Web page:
E. Frederic Morrow

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E. Frederic Morrow (c. 1906-1994) was the first African American to hold an executive position at the White House. He served President Dwight Eisenhower as Administrative Officer for Special Projects from 1955 to 1961. His brother was Ambassador John H. Morrow.

A graduate of the law school of Rutgers University, he attended Bowdoin College from 1926–1930, but had to return to assist his family before graduating. Bowdoin awarded him an honorary LL.D. degree in 1970 The Hackensack, New Jersey native worked for the NAACP before joining the United States Army during World War II. Later, he was a writer for CBS before joining the 1952 Eisenhower campaign. Morrow served as an advisor at the U.S. Commerce Department before being picked for the White House job.

The White House Historical Association has written:

As the sole African American on a staff dealing with racial tensions related to integration, Morrow faced difficult personal and professional struggles at the White House. The Supreme Court’s landmark Brown v. Board of Education ruling, the Montgomery bus boycott, and the Little Rock crisis were the backdrop for Morrow’s White House years. On a staff with a civil-rights policy that was at best cautious, Morrow was often frustrated and angered. He lived at a time when qualified African Americans were excluded from high-level political positions. Morrow as a black 'first' found relations within the president’s 'official family' to be 'correct in conduct, but cold.' [1]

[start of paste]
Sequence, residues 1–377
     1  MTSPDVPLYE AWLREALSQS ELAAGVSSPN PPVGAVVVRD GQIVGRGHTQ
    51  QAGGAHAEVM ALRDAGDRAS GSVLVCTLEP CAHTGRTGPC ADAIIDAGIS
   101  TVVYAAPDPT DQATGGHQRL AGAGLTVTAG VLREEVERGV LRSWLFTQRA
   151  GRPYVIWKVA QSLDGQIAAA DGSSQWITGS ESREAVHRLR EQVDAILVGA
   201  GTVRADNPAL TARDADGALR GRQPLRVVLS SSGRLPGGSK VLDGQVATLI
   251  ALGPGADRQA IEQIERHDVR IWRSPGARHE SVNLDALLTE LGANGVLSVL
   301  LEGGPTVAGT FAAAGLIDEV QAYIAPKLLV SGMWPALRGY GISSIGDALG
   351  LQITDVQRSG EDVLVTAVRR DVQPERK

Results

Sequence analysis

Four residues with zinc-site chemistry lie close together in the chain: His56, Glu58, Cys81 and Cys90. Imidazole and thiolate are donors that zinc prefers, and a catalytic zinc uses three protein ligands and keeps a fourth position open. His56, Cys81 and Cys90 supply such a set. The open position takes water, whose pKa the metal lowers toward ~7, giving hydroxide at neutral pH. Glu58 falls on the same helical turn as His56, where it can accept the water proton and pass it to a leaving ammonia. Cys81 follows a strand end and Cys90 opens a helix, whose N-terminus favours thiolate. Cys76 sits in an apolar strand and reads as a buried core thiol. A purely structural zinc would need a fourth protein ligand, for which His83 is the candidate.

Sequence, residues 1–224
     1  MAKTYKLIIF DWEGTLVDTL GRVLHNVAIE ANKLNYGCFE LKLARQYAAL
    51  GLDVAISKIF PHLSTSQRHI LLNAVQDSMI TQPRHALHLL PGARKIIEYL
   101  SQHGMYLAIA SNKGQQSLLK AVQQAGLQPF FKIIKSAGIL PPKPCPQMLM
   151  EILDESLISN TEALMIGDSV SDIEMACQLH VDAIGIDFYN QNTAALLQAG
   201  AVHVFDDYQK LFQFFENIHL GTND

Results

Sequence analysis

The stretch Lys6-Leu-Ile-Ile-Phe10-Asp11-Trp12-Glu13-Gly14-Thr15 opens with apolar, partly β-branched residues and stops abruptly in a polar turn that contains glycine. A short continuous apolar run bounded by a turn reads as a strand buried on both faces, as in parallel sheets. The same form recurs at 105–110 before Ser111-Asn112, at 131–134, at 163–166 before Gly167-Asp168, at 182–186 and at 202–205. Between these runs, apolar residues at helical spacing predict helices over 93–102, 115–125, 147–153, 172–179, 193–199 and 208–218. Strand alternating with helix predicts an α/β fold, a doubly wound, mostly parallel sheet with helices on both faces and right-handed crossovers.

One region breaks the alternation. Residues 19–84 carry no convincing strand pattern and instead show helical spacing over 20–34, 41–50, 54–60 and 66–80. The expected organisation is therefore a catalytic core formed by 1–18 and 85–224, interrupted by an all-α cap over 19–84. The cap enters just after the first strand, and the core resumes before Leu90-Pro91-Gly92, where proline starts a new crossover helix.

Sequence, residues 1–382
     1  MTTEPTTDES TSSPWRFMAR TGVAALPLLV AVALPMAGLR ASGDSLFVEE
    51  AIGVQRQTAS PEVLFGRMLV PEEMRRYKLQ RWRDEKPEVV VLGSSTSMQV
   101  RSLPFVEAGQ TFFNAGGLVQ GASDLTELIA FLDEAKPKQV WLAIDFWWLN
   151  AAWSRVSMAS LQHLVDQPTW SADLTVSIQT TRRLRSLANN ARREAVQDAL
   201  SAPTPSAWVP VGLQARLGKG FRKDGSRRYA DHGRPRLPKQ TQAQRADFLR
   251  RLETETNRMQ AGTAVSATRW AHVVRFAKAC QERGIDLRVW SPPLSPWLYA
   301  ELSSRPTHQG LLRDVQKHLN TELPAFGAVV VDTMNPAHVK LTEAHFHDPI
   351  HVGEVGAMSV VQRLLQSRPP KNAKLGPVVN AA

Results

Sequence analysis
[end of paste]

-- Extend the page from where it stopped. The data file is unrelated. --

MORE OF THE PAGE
After his Republican Party was turned out of office in 1960, Morrow wrote a book on his experiences, Black Man in the White House. He later became the first African American vice-president of Bank of America. His other books were Way Down South Up North and Forty Years a Guinea Pig.

He was a member of Alpha Phi Alpha fraternity.


  • Willcox, Isobel (July 15, 1973). "Hackensack Is Recalled As Hostile, Racist Town". NY Times, p. 82.
  • Saxon, Wolfgang (July 21, 1994) (Morrow obituary). NY Times, p.B11.

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